Tuesday, August 7, 2012

FOUND: Rail Propaganda Data Source [Updated]

Posted By on Tue, Aug 7, 2012 at 3:20 PM

Update, 3:20 p.m.: In a follow-up email to the Journal, the Humboldt Bay Harbor Group's citizen leader, Susana Munzell, confirmed that the data now being used to promote the east-west railroad project is from a 15-year-old study that operated under a very different set of hypotheticals:

As I recall, the information came from a study by a professor at UC Berkeley for the Harbor District's harbor deepening project.  More info later if I can locate it.

Original post:

Yesterday we reported on the "rah rah rail" resolution that will appear before the Eureka City Council tonight, and we wondered about the "economic modeling" cited therein. The "summary" that precedes the resolution paints a colorful picture, casting the battle over Humboldt Bay's future as a fight between Ayn Randian leaders whose economic visions are grounded in hard data and, on the other hand, nay-saying, no-growth whiners whose motives are nigh unfathomable.

One major thrust of this treatise, which is being presented by the Humboldt Bay Harbor Working Group, is that local governments and citizens should support the construction of an east-west rail line connecting Humboldt Bay to the national rail system in the Sacramento Valley.

No source is given for the "economic modeling" cited in the document as evidence that a "revitalized harbor" could:

  • Handle up to 5 million tons of cargo per year;
  • Create more than 3,500 jobs;
  • Increase local payroll by more than $90 million; and
  • Increase gross regional product by more than $400 million

In an email to the Journal, the group's citizen leader, Susana Munzell, said:

The modeling, figures and projections for harbor jobs and funds are listed in documents from the Harbor Commission, among them Waterfront Revitalization Plan; The 2003 Harbor Revitalization Plan; 2009 Economic Development Plan and Draft Strategic Plan; the Shore-Based Aquaculture Terminal Project, and  county documents such as the Harbor Revitalization Plan, the Local Coastal Plan, etc.

The Journal so far hasn't found the figures in any of those studies, but we did come across a close fit in a 15-year-old economic impact report commissioned by the harbor district. Back then, U.C. Berkeley economist John Quigley attempted to predict the economic benefits of a series of major infrastructure improvements to the harbor, starting with a deepening project.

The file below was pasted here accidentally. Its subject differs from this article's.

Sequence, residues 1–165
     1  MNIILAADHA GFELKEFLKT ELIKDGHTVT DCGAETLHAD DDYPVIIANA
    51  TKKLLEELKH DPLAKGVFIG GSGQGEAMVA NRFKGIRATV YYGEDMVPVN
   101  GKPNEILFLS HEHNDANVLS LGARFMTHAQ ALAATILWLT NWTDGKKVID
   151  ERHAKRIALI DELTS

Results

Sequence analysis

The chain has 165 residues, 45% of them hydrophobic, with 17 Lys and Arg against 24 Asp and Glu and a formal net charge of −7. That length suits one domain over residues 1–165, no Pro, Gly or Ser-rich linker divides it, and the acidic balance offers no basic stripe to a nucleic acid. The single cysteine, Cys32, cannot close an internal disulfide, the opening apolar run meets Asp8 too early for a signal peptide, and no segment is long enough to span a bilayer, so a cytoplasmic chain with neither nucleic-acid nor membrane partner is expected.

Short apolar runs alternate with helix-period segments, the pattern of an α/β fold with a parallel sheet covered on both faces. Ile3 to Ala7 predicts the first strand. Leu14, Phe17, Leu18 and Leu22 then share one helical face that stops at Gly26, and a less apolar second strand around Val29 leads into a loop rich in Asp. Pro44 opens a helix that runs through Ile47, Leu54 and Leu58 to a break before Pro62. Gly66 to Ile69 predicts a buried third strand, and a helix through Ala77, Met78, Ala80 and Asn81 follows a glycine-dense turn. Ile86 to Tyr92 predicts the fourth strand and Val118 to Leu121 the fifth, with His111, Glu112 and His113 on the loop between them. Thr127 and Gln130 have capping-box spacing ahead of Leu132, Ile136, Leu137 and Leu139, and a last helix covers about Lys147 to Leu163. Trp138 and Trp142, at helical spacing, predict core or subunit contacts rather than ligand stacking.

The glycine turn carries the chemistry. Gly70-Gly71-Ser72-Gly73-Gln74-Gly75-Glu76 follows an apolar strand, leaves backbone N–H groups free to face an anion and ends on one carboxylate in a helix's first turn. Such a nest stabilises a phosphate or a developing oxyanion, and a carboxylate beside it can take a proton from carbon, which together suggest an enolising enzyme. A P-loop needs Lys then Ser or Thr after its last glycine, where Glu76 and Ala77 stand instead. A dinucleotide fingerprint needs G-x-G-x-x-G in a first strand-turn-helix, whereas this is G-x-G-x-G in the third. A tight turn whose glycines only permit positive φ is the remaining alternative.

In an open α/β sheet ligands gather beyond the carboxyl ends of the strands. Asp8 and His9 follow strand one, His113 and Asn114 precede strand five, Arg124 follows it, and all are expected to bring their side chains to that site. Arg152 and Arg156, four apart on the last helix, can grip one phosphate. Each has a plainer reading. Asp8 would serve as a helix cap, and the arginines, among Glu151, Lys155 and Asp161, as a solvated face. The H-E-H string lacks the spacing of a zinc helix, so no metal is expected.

The report was used in an attempt to sell voters on the creation of a harbor assessment district -- a proposal that was rejected by voters in 1997. Regardless, using estimates provided by harbor district staff, Quigley estimated that, with major investments from both local taxpayers and the federal government, a series of major infrastructure projects could, among other things: 

  • Increase shipping to more than 5 million tons of cargo per year (by 2005)
  • Create 3,000 jobs;
  • Increase local payroll by more than $90 million; and
  • Increase gross regional product by more than $400 million

Is this the economic modeling being used today by the Humboldt Bay Harbor Working Group? If so, it's more than a little bit problematic. As Munzell herself notes, there have been numerous studies and reports since Quigley's, none of which have agreed with his robust predictions. Even at the time they were greeted with skepticism. For example, in this 1998 memo to local business leaders, Gregg Foster, then with the Humboldt Area Foundation, noted that, "The cargo shipping assumptions used in the Quigley report significantly exceed any other projection made to date." 

Another problem: The major component of Quigley's assumptions was not a rail connection but the harbor deepening project -- which has already been completed.

Also: It's not 1997. As justification for building an east-west rail, which is how it's being used here, Quigley's analysis is both off-topic and hopelessly obsolete. 

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Ryan Burns

Ryan Burns

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Ryan Burns worked for the Journal from 2008 to 2013, covering a diverse mix of North Coast subjects, from education, politics and marijuana to human suspension, sex parties and amateur fight contests. He won awards for investigative reporting, feature stories and news coverage.

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